DELL Vostro V130 video performance

So my Christmas present arrived today, a Dell Vostro V130 laptop, with an i3 1.33 Ghz CPU (equivalent to Cure2Duo 1.86Ghz ULV), Win7 64bit, and Intel HD Graphics. The laptop is nice, but its touchpad driver would crash on me, so I had to uninstall the custom DELL Synaptics driver, and install the generic one, which worked better and had the options I needed (I couldn’t disable horizontal scrolling with DELL’s UI).

I needed an ultra-portable at a good price, and I found this to be the best solution out there. I was hoping that the device would be able to manage 1080p h.264 video, but unfortunately, it’s a hit and miss. Here’s the review about it:

YouTube/Vimeo Flash 1080/30p at 16:9 aspect ratio: CHOPPY
YouTube/Vimeo Flash 1080/24p at 1:85:1 aspect ratio: SMOOTH (less area, and fewer frames to decode — decoder at its limits)
YouTube/Vimeo Flash 1080/24p at 16:9 aspect ratio: CHOPPY but watchable
YouTube/Vimeo Flash 720/30p at 16:9 aspect ratio: SMOOTH
Windows Media Player 1080/30p: SMOOTH
VLC 1080/30p: CHOPPY/FROZEN at times
WMP/VLC 720/30p: SMOOTH
Quicktime: CHOPPY, no matter what res (no big surprise there)
Sony Vegas Pro v10.0b 64bit: When project properties are set properly, and preview window is set to preview/auto and 640×360 preview resolution, it’s smooth for the most part, at any video resolution! At 1080/30p is struggling a bit, but it manages better than other editors. The laptop is obviously at its limits there. 720/30p editing is smooth.
HULU desktop app, connected to TV as a secondary monitor via HDMI: In “High” Hulu video quality (480p), when the TV resolution is set to 1080p, the decoder drops frames. When the TV resolution is set to 720p, it manages ok. If Hulu was to upgrade its “High” 480p standard to actual 720p video, then I reckon the decoder wouldn’t manage anymore.

The biggest disappointment here is Adobe and it’s badly optimized Flash player. I tried both 10.1 and 10.2b, but performance was the same. Windows Media Player showcases that the GPU is able to do just fine with these full-HD files, but Flash falls short. I do put the blame to Adobe here and not Intel. It’s just another clue that some Adobe teams are much worse than others, and much worse than the Microsoft ones.

In conclusion, I believe that this laptop is fine for editing 720p files. Since this is a very portable laptop, you can easily use it for editing your Canon digicam 720p video files. 1080p is possible, but it will put lots of strain on the machine.

4 Comments »

Juan Urquhart wrote on December 24th, 2010 at 1:40 PM PST:

Thanks for the info…i really like this machine, even taking into account it’s limitations, for editing 720p files from canon…BTW, i bought an sx130 is, great video as all of the small models, exposure lock, flat colors, manual focus and 12x zoom…it’s a bit expensive here in my country ( 370 U$S) but i believe it’s 170 there, which is a bargain…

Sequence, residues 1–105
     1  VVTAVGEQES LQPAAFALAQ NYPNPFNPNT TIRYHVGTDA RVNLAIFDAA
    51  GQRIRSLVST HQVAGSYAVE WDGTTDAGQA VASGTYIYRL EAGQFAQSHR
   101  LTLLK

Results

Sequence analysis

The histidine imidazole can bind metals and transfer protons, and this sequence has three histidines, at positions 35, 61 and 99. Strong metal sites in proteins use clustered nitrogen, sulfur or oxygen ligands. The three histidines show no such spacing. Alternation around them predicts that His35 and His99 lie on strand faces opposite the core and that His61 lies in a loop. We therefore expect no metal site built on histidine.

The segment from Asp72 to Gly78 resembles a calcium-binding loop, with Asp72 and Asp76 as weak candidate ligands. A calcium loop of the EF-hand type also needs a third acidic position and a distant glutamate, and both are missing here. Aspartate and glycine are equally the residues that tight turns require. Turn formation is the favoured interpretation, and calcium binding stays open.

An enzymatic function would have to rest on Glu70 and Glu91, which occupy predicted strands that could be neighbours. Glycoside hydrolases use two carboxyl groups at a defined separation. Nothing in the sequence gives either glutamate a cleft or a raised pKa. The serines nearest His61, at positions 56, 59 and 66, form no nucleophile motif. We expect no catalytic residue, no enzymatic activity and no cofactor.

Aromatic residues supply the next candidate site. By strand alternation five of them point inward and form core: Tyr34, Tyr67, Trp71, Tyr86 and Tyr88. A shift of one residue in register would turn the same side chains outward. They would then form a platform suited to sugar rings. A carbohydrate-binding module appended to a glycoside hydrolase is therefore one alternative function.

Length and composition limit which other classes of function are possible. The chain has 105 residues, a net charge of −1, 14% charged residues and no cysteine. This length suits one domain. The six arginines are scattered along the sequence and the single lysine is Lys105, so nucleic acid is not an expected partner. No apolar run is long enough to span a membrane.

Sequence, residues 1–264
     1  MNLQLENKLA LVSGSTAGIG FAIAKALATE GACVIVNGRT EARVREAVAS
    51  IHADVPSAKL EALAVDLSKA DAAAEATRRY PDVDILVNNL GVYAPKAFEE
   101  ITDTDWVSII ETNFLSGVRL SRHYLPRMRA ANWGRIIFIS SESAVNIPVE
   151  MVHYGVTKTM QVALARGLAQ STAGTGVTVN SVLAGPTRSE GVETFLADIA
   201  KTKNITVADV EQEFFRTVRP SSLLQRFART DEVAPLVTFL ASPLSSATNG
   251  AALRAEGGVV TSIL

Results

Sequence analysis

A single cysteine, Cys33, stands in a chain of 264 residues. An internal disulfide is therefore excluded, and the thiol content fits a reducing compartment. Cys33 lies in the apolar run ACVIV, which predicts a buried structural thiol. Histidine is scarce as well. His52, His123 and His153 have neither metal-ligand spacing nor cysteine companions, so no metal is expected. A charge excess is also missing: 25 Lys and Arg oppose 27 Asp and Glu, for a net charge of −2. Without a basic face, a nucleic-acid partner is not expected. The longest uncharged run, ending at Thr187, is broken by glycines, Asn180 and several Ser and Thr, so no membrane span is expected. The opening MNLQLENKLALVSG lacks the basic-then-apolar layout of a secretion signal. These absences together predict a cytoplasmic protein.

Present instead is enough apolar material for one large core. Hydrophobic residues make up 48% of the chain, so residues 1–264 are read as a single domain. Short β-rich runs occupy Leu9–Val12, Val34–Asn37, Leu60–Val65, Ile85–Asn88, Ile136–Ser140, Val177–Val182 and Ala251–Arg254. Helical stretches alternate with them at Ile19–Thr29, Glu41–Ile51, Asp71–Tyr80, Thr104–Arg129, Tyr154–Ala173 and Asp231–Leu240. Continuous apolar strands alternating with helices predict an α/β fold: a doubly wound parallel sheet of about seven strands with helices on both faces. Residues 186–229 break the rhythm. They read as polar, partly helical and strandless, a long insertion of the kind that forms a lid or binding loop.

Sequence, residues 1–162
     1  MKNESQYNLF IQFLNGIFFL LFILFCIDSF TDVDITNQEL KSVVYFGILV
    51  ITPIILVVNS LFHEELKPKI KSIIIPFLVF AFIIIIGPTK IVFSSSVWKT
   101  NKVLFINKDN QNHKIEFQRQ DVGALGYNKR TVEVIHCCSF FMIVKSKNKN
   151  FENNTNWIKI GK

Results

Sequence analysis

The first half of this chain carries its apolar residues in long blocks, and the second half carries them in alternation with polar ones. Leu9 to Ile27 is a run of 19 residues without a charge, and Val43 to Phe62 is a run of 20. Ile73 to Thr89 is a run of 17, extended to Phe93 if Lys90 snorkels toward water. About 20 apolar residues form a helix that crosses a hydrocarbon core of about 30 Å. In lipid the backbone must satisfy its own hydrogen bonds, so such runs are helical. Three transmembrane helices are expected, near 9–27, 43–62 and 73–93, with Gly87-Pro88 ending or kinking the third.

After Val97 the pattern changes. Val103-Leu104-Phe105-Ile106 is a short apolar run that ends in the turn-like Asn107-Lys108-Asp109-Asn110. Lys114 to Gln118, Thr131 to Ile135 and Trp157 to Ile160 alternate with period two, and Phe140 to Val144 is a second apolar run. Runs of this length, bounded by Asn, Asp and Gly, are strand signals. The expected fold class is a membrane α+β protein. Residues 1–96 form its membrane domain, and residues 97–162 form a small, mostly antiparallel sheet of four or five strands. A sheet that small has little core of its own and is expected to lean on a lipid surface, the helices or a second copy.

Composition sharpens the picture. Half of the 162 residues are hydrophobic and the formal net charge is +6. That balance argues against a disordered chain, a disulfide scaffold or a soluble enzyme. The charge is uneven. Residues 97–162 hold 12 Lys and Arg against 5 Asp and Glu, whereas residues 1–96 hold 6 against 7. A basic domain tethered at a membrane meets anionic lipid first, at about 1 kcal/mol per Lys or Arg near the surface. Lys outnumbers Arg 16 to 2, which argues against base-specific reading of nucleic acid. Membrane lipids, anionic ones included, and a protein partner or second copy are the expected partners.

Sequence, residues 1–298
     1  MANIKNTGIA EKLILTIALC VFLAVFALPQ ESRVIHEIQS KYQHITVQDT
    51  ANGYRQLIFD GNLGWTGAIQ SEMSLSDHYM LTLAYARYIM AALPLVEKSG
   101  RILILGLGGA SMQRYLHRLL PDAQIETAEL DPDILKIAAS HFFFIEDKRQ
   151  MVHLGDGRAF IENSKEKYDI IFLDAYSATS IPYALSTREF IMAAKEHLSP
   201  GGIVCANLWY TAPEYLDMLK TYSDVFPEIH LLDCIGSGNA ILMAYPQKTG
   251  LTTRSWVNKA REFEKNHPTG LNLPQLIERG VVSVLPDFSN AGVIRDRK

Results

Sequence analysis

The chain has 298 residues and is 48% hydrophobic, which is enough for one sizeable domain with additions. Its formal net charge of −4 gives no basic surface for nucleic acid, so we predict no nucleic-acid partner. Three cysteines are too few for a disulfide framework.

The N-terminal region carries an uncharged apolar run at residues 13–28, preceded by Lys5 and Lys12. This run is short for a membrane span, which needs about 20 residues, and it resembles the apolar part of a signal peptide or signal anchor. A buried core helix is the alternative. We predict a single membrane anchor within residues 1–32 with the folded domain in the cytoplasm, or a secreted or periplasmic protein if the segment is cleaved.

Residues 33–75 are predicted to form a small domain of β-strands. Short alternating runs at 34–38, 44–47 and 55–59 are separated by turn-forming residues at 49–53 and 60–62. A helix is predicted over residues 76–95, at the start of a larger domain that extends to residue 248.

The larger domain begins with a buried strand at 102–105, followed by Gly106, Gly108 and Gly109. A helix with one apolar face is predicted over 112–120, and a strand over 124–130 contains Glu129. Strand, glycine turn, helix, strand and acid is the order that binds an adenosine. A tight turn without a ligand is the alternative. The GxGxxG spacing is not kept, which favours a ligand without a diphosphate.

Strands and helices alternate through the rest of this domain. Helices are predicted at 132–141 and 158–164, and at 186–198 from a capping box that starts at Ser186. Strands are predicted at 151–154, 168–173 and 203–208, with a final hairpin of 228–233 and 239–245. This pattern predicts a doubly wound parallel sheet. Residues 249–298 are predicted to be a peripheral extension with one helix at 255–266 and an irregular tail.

My point is that with Vegas 10 this machine will be a breeze to edit those files
On a side note i wanna say thanks for all your advice, knowledge and inspiration…
Happy holidays and 2011!


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Eugenia wrote on December 24th, 2010 at 2:16 PM PST:

Yeah, that’s a nice camera. It’s $180 in the US, which is indeed a bargain for the things it can do. The Vostro V130 with the i3 CPU and Vegas Pro 10 will be able to edit these files fine. Vegas Platinum 10 uses an older codebase though, so it’s slower and crashier than Pro 10 with h.264.


Juan Urquhart wrote on December 24th, 2010 at 2:34 PM PST:

yes, i meant Vegas pro 10 , i know the weird naming scheme of Sony products…i tried my hands on color correcting the files shoot with your flat settings and indeed you are completely right . i’ve been using a borrowed Nikon p100, a much more expensive camera, with 26x zoom and 1080p mode, and a complete piece of shit… auto everything in video mode, exposure jumps like crazy, noisy even when it claims a backlit cmos sensor, and even worse compresses the 1080 footage in 15mbps!!!!
For all the people saying that canon performance in low light is bad, my opinion is that you can fight noise in post , but exposure jumping is a nightmare and there’s nothing to cure it, even multi thousand bucks tools like furnace in nuke… it just does not work…


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Eugenia wrote on December 24th, 2010 at 2:36 PM PST:

Yup, this is why I always suggest Canon’s cams. Low light is not great, but you get a lot more than that, things that can create a professional-looking video. Besides, if you’re doing serious videography, you make sure you shoot at a place where there’s enough light.


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